I had my second child back in February, and constantly marvel at how my parenting perspective has changed in the years since my first baby was born. New parent jitters have been replaced with a calm(er) confidence, new gadgets have made things simpler, and some previously important things have simply fallen by the wayside now that two small humans monopolize my non-work time. One other change in the five years since my first baby was born is my increased involvement in social media and the blogosphere. I joined Facebook, got a Twitter account, and have discovered countless parenting blogs. I can get advice, discover new products, and find out I’m not alone in dealing with my latest parenting challenge, all from the comfort of my couch. Social media has certainly been an enlightening addition to my parenting arsenal.
Turns out I’m not alone. A recent eMarketer report found that Canadian moms are the most social consumers in the country. While some digital pursuits (i.e., online shopping and smartphones) have been a little slower to catch on in Canada, Canadian moms are leading the charge to greater online involvement. The “Canadian Digital Mom 2012 Report” from Mom Central Consulting (MCC) notes that 86% of Canadian mom internet users go online every day. Nearly 60% visit social networking sites daily, and more than three-quarters do so in a given week. More than half of moms are actively participating on those social networking sites each week by updating their profile and commenting on other users’ activity. In addition, in any given month, more than 50% of connected moms are reading online forums, and a third are reading blogs, with at least a quarter of moms commenting or participating on those types of sites. All told, Canadian moms spend 18% more time online than the average Canadian female social media user (more than 10 hours monthly) (according to comScore). Given the endless demands on moms’ time, that’s a pretty significant indicator of the importance of the medium in their lives.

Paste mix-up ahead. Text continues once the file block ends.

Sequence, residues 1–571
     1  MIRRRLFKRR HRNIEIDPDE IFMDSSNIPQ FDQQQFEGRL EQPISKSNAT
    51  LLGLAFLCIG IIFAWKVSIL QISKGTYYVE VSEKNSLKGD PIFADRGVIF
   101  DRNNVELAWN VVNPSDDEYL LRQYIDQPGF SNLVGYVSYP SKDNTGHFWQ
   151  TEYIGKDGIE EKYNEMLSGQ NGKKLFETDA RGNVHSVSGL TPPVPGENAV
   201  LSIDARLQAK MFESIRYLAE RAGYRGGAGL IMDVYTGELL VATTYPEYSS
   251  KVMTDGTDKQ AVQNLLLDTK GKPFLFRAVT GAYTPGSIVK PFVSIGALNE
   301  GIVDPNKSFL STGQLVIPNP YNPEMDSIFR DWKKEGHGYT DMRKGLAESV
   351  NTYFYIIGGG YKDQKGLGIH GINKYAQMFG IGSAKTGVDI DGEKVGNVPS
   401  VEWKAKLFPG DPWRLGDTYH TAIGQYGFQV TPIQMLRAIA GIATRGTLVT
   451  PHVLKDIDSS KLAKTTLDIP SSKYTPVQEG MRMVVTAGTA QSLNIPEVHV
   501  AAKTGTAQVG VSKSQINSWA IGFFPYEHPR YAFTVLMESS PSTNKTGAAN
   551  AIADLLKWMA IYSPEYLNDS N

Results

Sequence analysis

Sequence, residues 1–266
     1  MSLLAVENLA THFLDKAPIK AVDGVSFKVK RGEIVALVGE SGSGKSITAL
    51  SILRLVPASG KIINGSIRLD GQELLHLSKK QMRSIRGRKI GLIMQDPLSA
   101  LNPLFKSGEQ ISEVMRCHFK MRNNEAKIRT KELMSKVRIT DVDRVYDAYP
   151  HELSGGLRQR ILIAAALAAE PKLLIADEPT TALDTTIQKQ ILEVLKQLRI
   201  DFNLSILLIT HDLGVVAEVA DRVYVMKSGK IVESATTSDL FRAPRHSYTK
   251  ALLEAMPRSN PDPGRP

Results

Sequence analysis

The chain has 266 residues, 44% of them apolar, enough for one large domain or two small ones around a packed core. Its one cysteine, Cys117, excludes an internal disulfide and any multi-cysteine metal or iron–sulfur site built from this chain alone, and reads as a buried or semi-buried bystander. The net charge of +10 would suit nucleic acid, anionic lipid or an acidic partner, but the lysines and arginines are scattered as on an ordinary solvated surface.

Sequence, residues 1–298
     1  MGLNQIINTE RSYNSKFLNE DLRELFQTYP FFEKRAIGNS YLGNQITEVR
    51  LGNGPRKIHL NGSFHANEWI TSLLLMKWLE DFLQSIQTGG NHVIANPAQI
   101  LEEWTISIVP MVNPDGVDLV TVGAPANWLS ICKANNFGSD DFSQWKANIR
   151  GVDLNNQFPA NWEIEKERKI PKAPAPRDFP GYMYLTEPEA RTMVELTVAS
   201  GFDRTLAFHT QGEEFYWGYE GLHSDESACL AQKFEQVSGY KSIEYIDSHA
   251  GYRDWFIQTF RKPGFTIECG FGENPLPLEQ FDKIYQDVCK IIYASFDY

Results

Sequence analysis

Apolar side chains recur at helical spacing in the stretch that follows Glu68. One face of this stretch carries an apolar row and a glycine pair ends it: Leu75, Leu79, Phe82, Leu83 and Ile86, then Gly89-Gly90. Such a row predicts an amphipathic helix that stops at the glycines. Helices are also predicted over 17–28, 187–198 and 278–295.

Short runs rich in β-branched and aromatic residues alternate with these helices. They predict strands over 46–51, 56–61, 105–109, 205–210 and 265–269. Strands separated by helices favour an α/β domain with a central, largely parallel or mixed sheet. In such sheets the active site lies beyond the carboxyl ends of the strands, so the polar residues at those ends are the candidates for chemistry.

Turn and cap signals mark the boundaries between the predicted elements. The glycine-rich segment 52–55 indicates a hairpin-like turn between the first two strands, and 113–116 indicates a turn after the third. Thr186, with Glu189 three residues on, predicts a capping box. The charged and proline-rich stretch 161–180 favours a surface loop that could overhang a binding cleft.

Not surprisingly, moms are also shopping online. I know from personal experience that it’s often easier research and buy products online when my kids are in bed to than it is to drag both of them out and hope they’re patient while I peruse the racks. According to the MCC study, more than two thirds of Canadian mom internet users have researched items like media, clothing, baby/kids items, and travel online. The percent of purchasers in those categories varies between 34% and 55%, but in all four of those categories, the percent of moms purchasing is at least half of those researching.
The MCC study also looked into which media moms trusted most. Trust in online sources, like social network comments, and brand pages and advertising on social networks, grew significantly between 2011 and 2012, while trust in traditional media (radio, print and television) dropped or remained steady. Nearly two-thirds of moms say they trust friends’ social media posts, which accounts for 10% more than any other medium studied. The report also noted that 57% of online moms report reading reviews in a given month, so it is quite evident that moms are regularly referencing online sources in order to make purchasing decisions.
As a mom based in the U.S., I’m pretty confident these findings would be pretty similar south of the border as well. The emergence of social networking and other ways of digitally connecting to the world around us has changed motherhood significantly. Any advertisers that haven’t turned their attention to this key demographic need to take note of this study and recognize the importance of modern moms to the digital landscape…and their bottom line.
Amy Rybczynski, Marketing Research Analyst